To begin with the bad news Assembly affirmed with a one vote margin the regulation that prohibits Presbyterian Ministers from conducting a marriage of same sex couples.
The hope in that vote was the fact that margin was so fine and many of the younger members of Assembly opposed the legislation. The strident biblical literalists of the past are getting older and the new younger ministers and elders seem to have a different and inclusive vision of Christ. As I wrote in the bulletin, ‘the times they are a changing’.
Another sign of hope in changing times was the church’s renewed interest in meeting with other churches and setting up a workgroup to comment on social issues. Both these activities had been abandoned in the past because of cost and theological difference but we now seem to be moving back to the future and see these things as activities essential to the life as a church.
The Assembly recognised these changing times in reorganising the minister’s Beneficiary fund and the fact that such a significant change went through smoothly was a testimony to the effort made to explain those changes before hand.
However it wasn’t just the young people that demonstrated hope and some long term loyal servants of the church are recycling themselves. My colleague the Rev Carol Grant, who retired recently, with considerable glee presented her report as the Association of Presbyterian Women’s representative on a United Nations Committee and she is also now the Police Chaplin in Dunedin. Dr. Helen Bichan, who I first met years ago when she was a psychologist at the Porirua Hospital and her husband was the minister in Porirua, presented the report of the Inter Church Bioethics Council. Helen has previously served as deputy convenor on the Council of Assembly and Bill Delaney and I came across her when she spoke at a Methodist seminar on euthanasia. Helen has recently made a submission to the parliamentary committee tackling that issue.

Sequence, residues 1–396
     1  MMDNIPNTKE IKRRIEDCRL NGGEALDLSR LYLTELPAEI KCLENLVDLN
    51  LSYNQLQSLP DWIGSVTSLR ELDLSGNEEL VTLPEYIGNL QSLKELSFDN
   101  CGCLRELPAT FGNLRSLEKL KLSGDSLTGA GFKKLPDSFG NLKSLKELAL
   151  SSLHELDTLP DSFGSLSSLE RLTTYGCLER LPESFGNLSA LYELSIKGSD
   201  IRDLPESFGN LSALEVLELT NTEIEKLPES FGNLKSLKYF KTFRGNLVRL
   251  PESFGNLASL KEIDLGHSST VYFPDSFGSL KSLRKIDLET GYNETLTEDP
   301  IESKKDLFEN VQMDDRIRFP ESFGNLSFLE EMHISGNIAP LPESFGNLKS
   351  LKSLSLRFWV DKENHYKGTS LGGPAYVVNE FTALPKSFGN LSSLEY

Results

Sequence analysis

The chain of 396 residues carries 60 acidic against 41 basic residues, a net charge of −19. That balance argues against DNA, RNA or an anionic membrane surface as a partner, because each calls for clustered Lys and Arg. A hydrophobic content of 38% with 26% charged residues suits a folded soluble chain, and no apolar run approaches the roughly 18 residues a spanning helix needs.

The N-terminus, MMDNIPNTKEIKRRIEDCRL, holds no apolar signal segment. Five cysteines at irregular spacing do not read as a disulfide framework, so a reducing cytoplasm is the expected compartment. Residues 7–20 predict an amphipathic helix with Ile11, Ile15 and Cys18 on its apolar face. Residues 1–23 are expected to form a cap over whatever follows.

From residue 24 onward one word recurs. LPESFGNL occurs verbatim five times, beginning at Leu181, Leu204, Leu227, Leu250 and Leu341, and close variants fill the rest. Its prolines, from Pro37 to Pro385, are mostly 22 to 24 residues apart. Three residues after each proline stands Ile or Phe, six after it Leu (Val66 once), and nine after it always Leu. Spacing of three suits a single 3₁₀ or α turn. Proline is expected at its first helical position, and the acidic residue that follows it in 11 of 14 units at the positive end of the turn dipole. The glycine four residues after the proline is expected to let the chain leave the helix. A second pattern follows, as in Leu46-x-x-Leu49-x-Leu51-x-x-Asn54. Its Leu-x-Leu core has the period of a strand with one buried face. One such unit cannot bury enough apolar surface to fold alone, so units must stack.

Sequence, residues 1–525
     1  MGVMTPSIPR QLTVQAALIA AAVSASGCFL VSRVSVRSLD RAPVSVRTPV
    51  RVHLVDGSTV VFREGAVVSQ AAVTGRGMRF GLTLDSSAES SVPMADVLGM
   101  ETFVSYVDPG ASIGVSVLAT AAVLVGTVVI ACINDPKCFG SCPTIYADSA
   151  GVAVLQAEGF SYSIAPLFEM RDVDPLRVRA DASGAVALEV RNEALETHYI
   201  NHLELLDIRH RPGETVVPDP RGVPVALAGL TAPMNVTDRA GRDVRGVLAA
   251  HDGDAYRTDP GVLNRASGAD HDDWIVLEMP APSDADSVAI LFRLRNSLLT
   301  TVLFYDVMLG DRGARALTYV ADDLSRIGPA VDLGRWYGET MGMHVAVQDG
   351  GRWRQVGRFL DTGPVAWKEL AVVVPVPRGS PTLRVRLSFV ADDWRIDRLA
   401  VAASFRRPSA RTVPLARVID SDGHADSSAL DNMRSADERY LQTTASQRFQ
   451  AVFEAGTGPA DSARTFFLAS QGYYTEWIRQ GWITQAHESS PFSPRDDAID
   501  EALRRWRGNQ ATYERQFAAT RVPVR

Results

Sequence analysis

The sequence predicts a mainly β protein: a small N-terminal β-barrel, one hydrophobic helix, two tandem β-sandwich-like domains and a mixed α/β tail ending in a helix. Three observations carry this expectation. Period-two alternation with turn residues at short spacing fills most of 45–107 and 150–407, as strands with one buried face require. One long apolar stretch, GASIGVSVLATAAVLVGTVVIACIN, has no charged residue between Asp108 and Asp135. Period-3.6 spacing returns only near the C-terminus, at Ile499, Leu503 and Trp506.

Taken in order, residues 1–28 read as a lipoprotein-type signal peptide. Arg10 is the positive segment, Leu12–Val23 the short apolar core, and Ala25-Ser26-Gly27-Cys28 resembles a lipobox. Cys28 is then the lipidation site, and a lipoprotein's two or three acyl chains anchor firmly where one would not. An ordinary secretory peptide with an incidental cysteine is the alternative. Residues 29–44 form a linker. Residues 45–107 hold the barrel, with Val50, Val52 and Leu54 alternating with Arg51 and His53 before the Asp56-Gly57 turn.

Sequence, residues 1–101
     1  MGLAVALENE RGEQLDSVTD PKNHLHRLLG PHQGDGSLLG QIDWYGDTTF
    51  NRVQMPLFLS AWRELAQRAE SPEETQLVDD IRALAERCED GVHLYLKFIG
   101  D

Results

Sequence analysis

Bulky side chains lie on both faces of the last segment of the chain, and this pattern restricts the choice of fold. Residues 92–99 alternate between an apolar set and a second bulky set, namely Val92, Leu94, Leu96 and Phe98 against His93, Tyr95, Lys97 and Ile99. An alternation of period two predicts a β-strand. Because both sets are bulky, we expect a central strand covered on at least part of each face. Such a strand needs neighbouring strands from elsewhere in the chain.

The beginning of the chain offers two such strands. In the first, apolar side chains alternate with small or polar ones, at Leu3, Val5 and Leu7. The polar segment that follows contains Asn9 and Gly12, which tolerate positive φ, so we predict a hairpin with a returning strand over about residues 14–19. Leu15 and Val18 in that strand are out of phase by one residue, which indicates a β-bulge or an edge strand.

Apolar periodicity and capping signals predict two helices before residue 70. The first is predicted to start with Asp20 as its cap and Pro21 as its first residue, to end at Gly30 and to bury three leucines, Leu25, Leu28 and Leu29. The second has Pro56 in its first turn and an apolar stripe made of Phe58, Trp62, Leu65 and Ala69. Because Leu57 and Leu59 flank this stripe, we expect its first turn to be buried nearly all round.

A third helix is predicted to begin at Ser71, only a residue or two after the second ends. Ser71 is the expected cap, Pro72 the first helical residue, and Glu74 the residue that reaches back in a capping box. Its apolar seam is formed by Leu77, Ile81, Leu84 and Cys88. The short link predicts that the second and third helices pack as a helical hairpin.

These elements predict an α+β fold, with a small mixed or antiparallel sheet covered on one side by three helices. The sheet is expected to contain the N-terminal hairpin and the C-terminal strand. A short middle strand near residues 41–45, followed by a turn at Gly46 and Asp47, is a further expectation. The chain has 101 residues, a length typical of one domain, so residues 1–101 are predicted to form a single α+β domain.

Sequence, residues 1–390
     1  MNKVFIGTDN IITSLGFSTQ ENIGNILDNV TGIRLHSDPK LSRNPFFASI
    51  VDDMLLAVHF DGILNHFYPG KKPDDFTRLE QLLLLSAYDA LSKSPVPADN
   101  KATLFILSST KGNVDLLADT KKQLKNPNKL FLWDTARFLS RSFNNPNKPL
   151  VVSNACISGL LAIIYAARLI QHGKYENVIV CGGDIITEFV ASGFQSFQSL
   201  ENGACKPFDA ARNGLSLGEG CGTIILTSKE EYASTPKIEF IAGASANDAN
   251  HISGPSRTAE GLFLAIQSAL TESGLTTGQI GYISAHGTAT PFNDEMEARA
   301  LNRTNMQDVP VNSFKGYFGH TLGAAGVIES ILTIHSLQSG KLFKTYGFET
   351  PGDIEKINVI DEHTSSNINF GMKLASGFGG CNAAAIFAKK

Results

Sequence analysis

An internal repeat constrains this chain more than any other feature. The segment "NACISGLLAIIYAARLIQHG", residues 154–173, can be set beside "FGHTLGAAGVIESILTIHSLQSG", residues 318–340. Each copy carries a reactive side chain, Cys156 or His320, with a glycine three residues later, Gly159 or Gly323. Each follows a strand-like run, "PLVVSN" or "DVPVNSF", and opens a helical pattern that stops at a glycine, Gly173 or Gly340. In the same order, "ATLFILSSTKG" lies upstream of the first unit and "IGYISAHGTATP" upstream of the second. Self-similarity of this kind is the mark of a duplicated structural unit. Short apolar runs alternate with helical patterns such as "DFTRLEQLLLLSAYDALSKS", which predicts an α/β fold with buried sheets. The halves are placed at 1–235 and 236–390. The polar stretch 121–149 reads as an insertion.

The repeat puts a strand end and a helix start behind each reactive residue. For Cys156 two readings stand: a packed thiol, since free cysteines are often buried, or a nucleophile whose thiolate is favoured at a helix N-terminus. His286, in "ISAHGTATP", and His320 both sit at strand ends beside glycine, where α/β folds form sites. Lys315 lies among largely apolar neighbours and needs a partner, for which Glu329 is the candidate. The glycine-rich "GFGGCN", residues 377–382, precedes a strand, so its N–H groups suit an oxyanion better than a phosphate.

So as well as hope being demonstrated by the church’s younger people those that just keep on keeping on are part of the Christ filled humanity that continues to transform our world.
In terms of those who are continually recycled by the call of Christ the most surprising event was the election of the retiring moderator as the moderator designate. That has never happened before and Presbyterians are not good at coping with changes in tradition. . The hope in such a change is the tremendous work Andrew Norton has done as moderator and his willingness to challenge the church to change. An import part of accepting the decisions of the church is to remember that, much as we worry about the decisions we make, hindsight often sees the Holy Spirit in those decisions.
A further sign of hope was the international guests who made real the concept that the divine realm is made up of all peoples, nations, and languages. The Rev Dr Min Heui Cheon from the Presbyterian Church of the Republic of Korea delighted the Assembly with her personality and her national costume. As well as addressing the Assembly she was the guest speaker at the graduation of ordinands. In one of those strange connections that weave through our church I was delighted to see that one of those graduates was Mo Morgan. While we were in Hamilton Mo was the PCANZ youth director had visited us at St Stephen’s. Furthermore she has been an intern at St James in Wanganui and I understand will be ordained there as their minister.
St James was where Raewyn and I worshiped when we were first married.